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‘People only realise an election is on when the posters go up’: Senator argues


Senator John McGahon with his posters for the 2020 General Election

Senator John McGahon with his posters for the 2020 General Election

Senator John McGahon with his posters for the 2020 General Election


Election posters “have a role to play” particularly for first time candidates, according to a Dundalk Senator, who argued that social media doesn’t work for all.

Taking part in a Seanad debate on the ‘Regulation of Display of Electoral and Polling Posters and Other Advertisements Bill 2022’ Senator John McGahon explained the challenges of running in his first election at 22 years old.

"I found the ability to put up posters and get my face out there in a wide geographical area of Dundalk-Carlingford, encompassing 40% of Dundalk town and the entire Cooley Peninsula, was very beneficial to me. I found I was not recognised when I called to doors. Why on earth would anyone know a 22-year-old running for election? I had no track record and nobody knew me. I was fresh out of college. I found that the use of posters was a useful way for people to recognise me as John McGahon of Fine Gael, the young fella they saw on the poster. It was a good way for me to introduce myself. That was very useful as a young first-time candidate with no track record.”

He added: “Fast-forwarding to 2019, I thought it was a bit of a laugh that councillors throughout the country were putting forward motions to county councils to ban posters. The councillors in question were all poll toppers. I can name them. In my county and in other areas, they were poll toppers who were going to get elected anyway. Of course it suited them not to have posters.We can see it everywhere.”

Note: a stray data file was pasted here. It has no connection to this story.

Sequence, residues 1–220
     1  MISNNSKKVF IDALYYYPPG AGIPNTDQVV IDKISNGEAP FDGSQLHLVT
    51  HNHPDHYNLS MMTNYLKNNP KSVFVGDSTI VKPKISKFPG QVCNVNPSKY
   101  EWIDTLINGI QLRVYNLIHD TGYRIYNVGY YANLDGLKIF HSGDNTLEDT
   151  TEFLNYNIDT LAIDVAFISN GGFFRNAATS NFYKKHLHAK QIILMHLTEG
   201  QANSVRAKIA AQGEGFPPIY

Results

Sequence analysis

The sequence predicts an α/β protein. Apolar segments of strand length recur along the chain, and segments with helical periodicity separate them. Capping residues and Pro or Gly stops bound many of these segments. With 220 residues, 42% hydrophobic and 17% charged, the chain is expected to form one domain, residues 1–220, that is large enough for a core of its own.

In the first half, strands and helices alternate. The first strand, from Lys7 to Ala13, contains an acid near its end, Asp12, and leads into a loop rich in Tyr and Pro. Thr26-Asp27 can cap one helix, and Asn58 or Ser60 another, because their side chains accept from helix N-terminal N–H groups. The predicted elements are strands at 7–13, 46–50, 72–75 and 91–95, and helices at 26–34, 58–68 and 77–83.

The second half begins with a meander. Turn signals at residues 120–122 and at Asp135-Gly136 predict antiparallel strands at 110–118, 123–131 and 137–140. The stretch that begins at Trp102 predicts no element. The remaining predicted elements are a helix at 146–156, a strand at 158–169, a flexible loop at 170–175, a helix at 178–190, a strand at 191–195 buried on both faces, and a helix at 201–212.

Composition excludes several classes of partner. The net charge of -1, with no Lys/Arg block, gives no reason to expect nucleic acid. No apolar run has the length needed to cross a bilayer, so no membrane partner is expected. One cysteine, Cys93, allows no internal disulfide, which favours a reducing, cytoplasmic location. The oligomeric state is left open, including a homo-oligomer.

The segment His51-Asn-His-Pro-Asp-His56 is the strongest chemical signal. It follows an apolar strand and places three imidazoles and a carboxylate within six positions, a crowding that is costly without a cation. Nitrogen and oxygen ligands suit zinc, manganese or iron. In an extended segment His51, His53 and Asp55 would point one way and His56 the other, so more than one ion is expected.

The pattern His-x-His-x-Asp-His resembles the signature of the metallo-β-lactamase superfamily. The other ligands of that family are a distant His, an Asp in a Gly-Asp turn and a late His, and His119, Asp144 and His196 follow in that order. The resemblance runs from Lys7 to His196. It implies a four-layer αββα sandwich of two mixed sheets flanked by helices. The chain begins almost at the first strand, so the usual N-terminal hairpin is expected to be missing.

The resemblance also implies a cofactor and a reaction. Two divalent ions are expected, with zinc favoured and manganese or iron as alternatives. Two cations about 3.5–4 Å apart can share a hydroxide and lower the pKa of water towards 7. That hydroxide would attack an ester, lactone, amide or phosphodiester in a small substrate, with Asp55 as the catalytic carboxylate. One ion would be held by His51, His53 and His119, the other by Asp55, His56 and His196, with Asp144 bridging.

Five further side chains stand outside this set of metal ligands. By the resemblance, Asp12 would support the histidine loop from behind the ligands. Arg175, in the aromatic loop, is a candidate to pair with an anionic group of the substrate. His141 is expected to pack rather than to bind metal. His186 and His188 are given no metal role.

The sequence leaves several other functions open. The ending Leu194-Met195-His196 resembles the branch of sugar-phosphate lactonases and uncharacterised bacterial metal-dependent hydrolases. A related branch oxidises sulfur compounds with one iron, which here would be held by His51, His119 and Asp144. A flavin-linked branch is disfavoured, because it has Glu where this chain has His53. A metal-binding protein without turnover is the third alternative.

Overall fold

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He welcomed that the debate was “not opportunistic and just before an election.”

"It is being debated at a proper stage within this Parliament. I think it is a good time to debate the issue. A pet hate of mine is seeing the tags from posters. Perhaps I notice them more when I am driving around because I am in politics. I hate it. When I am up a pole taking posters down, I try to take as many of them down as possible. Another thing that I have learned about posters is that in a general election campaign everybody is very keen to help put them up, but when you lose, you are taking them down on your own.”

He added: “Some might argue that we can advertise the modern way, by advertising on Facebook or using geo-targeting. We have to look at the demographics as well. The demographics of Facebook users have shifted significantly. The average age of Facebook users is 40 or 50+. Younger people are using TikTok. The concept of being able to put posters up right across a geographical area allows everybody, regardless of age, to be able to see who the candidates are. It is easy for those of us who live in a political bubble to think that everyone is interested in politics and knows what is going on. The vast majority of people do not care. They only realise an election is happening once they see the posters going up. That triggers them to realise that the election is happening and to look up their local candidates. People become tuned in and turned on to an election when posters go up.

“Posters are a fundamental part of our political discourse and campaigning. I believe that they serve a purpose.: Removing them gives an unfair advantage to incumbents who already have a substantially high name recognition."

He added: “It is an important debate to have. I think there could be a compromise somewhere along the line in the future. Perhaps the compromise could be the introduction of a cap on the number of posters, or restrictions on the areas in which posters can be put up.”